In the early 1990s, when I first found Robert & Jane Ealy, my great-great-grandparents, in the 1870 and 1880 censuses, I immediately discovered that Robert, who was known as “Big Bob,” was born in North Carolina about 1817, and Jane was born in Virginia about 1829. Like many Deep South researchers who often discover that a number of their enslaved ancestors were originally from the Upper South, I pondered, “Where in those states were they born? How did they get to Leake County, Mississippi?”
After 1793, Eli Whitney’s invention of the cotton gin propelled a great economic boom in the Deep South. This resulted in the displacement of around one million enslaved African Americans in the Upper South to points southward. Free enslaved labor was desired for the booming cotton industry, and thus, the Second Middle Passage began. More family separations occurred when they were sold away or their enslavers took them “down south” to work laboriously on the new cotton farms and plantations all over the Deep South. This is how Big Bob and Jane Ealy ended up in central Mississippi.
One of her sons’ death certificate and oral history identified Parrott as being Jane’s maiden name. I soon ascertained that she and her children had likely been enslaved by Rev. William S. Parrott (1789-1867), a circuit rider preacher. Per the 1840 census and the 1850 & 1860 slave schedules, his was the only white Parrott family in Leake County, and he was a slave-owner.
Also, he lived very near Big Bob’s last enslaver, William W. Eley. On FamilySearch.org, I found the property deeds of Parrott and Eley’s farms, plotted the land descriptions (townships, ranges, sections) on a Leake County map, and discovered that Eley and Parrott lived about a mile and a half away from each other. A descendant of Rev. Parrott confirmed that he had moved to Mississippi from Lunenburg County, Virginia shortly before 1840. Grandma Jane was around 10 years old at the time.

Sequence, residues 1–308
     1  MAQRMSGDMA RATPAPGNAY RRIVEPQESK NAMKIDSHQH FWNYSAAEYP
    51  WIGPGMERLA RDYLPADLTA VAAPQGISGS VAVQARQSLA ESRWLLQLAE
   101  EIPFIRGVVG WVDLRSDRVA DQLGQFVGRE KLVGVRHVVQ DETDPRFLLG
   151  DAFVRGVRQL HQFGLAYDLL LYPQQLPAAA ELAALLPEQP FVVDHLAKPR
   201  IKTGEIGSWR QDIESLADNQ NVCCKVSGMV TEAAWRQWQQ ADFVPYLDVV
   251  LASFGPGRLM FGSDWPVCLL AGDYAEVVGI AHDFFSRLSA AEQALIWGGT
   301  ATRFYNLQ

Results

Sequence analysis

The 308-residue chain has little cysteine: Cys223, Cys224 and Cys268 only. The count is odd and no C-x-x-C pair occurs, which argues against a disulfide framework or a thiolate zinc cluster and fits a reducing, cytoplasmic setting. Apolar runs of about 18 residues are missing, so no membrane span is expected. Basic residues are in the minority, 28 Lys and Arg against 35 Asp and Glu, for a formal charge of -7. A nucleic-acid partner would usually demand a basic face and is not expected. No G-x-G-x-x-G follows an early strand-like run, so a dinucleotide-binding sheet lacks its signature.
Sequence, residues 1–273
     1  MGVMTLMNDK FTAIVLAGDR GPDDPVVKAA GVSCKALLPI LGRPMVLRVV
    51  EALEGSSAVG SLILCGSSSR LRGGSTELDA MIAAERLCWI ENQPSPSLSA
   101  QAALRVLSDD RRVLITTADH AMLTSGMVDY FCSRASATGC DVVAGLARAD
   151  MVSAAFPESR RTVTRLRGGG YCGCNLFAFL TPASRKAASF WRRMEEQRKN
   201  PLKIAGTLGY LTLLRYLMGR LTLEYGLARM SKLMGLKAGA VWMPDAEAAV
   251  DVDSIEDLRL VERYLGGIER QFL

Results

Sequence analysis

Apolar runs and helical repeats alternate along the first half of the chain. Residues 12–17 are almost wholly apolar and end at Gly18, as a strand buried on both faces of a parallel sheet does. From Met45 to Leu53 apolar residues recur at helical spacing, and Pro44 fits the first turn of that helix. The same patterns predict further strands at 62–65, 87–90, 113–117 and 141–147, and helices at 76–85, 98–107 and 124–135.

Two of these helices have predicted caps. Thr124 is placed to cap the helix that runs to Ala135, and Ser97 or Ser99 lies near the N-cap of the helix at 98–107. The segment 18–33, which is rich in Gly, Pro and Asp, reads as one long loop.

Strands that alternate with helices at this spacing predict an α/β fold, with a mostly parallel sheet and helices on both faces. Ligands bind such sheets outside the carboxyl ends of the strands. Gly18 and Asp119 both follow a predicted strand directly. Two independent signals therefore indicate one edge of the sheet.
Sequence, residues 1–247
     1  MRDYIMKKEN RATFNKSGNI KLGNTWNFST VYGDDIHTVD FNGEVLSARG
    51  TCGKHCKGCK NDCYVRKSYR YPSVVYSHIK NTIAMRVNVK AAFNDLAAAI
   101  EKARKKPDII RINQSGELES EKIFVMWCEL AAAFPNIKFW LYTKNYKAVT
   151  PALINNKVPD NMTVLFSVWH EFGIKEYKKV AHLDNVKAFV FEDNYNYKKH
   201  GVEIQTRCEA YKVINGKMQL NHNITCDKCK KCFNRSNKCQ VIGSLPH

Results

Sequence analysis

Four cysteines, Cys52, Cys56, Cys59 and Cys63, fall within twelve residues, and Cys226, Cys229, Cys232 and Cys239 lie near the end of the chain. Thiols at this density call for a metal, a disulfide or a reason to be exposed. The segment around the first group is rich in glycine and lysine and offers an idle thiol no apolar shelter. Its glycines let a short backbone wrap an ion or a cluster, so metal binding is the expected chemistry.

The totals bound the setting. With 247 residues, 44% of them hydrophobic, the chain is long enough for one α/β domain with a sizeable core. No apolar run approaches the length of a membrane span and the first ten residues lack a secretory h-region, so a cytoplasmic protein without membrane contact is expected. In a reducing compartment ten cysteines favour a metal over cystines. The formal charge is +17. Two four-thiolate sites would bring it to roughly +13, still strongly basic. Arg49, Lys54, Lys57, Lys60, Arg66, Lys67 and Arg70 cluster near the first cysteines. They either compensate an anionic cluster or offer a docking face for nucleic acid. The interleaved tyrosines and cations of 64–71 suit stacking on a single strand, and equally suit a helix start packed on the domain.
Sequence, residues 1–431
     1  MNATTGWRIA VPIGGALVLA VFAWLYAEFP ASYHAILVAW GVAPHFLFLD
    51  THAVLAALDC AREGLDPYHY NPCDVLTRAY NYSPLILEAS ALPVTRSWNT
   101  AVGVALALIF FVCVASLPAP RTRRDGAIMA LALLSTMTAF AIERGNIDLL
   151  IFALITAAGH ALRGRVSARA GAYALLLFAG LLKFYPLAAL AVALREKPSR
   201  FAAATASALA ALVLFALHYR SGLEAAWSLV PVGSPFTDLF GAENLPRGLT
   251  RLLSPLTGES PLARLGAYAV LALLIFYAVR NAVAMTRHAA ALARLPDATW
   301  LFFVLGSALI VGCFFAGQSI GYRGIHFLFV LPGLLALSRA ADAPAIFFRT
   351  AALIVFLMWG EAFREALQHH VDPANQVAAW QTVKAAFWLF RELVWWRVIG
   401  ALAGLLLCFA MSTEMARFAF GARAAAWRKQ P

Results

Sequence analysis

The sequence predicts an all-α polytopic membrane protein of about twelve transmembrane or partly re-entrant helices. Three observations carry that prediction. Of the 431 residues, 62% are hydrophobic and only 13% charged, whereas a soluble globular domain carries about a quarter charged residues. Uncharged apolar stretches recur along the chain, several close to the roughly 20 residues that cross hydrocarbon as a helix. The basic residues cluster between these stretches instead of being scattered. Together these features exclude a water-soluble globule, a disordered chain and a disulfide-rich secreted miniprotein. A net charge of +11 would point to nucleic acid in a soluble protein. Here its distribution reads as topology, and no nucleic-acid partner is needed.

A major feat was achieved. I now knew the name of Grandma Jane’s last enslaver and the county in Virginia where she and at least two of her younger brothers had likely come from. Additional research ensued, and I soon discovered the area in Lunenburg County where Rev. William Parrott had lived. See map below. Four deeds in the Lunenburg County Deed Records, 1746-1869 and my findings in the county probate records revealed quite an interesting story and more discoveries!
In a nutshell, Rev. Parrott’s childless uncle, also named William Parrott, gifted him 15 enslaved people and several hundred acres of his farm located on Reedy Creek and adjacent to Henry H. Love’s farm in 1822 (Deed Book 25, p. 500, 10 December 1822). By 1824, Rev. Parrott and his uncle apparently had a huge disagreement, and William Parrott Sr. voided the 1822 deed, reclaimed 13 of the 15 enslaved people, but allowed Rev. Parrott to keep the land where he had been residing (Deed Book 26, p. 273, 17 April 1824). In 1829, Rev. Parrott sold a portion of this land located on “the waters of Reedy Creek” (Deed Book 28, p. 308, 7 March 1829). Apparently, Rev. Parrott had financial issues, and in 1830, he used three enslaved people named “Tom, Minerva and her child JANE” as collateral on a loan (Deed Book 29, p. 65, 21 April 1830).
There’s a preponderance of circumstantial evidence that this was Grandma Jane, so I surmised that he was able to pay off the loan. I discovered that Rev. Parrott had inherited Minerva and Tom from the estate of his wife’s father, Julius Johnson, in 1824 (Lunenburg Co. Probate Records, Estate of Julius Johnson deceased, 1824).
Recently, a lady named Annie and her daughter, Brenda, appeared as DNA matches to my father, his first cousin, and at least 10 other descendants of Big Bob and Jane. Cousin Annie’s family tree revealed that her parents were from Lunenburg County, Virginia! Because she and my father share 43 cM over 2 segments of DNA, AncestryDNA predicts a 4th-6th cousin relationship.
I soon discovered that my family is also sharing up to 49 cM of DNA with Cousin Annie’s father’s great-nephew (her 1C1R), so our family connection is via one of her paternal grandparents, Anderson Jefferson Sr., born c. 1867, or Nellie Hatchett Jefferson, born c. 1869. Interestingly, the 1930 census revealed that Anderson & Nellie Jefferson lived on Reedy Creek Road! I almost fell out of my chair when Cousin Brenda wrote, “My mom still lives on Reedy Creek Road in Lunenburg County!”
See the short video clip above of my recent trip to Lunenburg County to not only tour the area where Grandma Jane Parrott Ealy was born, but to meet cousins who still live there, less than a mile where Rev. William Parrott’s farm was located.